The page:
Teaching Comparative Government and Politics

Tuesday, February 12, 2013

No civil society here, thank you

In the Soviet Union (and Tsarist Russia before it) any organization, from stamp collectors to football players, from knitters to gardeners, was run by the government (or the Communist Party in the USSR). In the People's Republic of China, any organization outside the Party or the government is suspect and likely to be persecuted.

Independent civil society is a threat to the power and control of the powers that be. In Putin's Russia, as surveillance, nationalism, obedience, and official religion are becoming more and more important, uncontrolled civil society organizations are less and less welcome.

In Russia, volunteers step up
A country doctor, a tiny, dilapidated village hospital, an indifferent health bureaucracy — and now, coming to the rescue, volunteers from distant Moscow, bringing furniture, equipment, money and, maybe most important, good cheer.

In the background, though, is the parliament — weighing a law to bring any volunteer activity under the purview of the state, on the theory that people who organize themselves to do good work are a threat to the state’s power.

The past year or so has seen an upwelling of a trend unprecedented in Russia — people getting together on their own to help others in need. Personal initiative, always suspect here, is suddenly taking off…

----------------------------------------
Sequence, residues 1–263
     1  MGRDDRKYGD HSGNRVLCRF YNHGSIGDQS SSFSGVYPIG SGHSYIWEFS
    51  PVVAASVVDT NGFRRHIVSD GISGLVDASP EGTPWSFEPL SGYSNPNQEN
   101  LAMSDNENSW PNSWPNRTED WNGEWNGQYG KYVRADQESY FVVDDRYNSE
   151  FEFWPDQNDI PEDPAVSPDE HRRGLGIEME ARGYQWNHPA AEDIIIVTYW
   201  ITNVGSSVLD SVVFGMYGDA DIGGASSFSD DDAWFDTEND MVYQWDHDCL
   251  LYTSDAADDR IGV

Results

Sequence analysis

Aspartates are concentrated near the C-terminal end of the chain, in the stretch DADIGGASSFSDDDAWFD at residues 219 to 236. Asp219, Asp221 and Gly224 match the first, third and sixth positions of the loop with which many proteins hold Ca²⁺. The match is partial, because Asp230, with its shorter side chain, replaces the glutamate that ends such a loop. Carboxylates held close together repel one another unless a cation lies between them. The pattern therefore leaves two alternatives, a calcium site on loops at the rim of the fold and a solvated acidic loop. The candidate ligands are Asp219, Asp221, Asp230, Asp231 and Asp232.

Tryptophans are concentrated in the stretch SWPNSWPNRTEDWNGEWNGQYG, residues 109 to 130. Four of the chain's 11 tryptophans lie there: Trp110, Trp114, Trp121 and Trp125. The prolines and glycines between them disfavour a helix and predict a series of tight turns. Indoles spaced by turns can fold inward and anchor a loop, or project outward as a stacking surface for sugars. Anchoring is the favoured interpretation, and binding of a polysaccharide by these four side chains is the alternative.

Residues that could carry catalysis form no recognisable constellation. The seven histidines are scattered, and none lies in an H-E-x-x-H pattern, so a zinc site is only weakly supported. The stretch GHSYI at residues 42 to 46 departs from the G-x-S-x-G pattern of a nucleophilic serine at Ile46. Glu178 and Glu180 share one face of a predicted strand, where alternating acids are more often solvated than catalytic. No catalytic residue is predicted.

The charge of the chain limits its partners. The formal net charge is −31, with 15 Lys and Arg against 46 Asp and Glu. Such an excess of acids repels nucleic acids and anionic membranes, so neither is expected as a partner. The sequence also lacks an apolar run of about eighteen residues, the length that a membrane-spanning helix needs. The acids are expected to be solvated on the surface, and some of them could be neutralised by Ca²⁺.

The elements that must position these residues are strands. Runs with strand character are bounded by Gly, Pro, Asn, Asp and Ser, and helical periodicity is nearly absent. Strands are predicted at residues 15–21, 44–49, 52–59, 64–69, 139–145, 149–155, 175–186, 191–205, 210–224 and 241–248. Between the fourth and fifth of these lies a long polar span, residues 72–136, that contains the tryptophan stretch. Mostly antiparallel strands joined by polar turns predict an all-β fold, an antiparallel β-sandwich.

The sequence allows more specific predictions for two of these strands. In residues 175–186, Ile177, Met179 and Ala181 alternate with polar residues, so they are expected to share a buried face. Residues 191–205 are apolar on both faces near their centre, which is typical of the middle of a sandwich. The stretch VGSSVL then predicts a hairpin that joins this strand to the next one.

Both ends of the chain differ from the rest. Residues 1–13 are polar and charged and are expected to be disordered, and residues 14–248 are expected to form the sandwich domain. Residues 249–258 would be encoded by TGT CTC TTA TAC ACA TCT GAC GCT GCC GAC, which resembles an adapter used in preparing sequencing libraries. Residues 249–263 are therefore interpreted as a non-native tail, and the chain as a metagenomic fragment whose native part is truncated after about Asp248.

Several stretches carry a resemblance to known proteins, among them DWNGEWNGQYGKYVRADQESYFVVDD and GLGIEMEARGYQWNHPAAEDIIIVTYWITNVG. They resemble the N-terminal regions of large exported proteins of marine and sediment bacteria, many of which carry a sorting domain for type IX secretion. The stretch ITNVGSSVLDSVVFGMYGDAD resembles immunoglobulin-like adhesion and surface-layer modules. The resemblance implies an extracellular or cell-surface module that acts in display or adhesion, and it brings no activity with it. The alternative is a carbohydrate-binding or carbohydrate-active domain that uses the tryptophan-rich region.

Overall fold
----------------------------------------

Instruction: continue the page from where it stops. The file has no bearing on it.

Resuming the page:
The rapid emergence of volunteer efforts, fueled in large part by social media, coincides with the eruption of public political protest — and that’s not by happenstance. There is an overlap between the political opposition and those who have become fed up with a corrupt government that delivers little and who have decided to take matters into their own hands.

Legislation to regulate volunteers has been introduced in the State Duma, or lower house of parliament, by President Vladimir Putin’s United Russia party. Backers say it will ensure that volunteer activity conforms to the government’s priorities and doesn’t conflict with Kremlin policy.

Officials aren’t the only ones hostile to volunteerism. Russia’s Soviet past, when the government controlled all aspects of life, has left it with a population that is accustomed to the idea that the government should provide for its citizens and that is suspicious of volunteer organizations. A 2012 poll found that more than half the population disapproves of them... 
See also:

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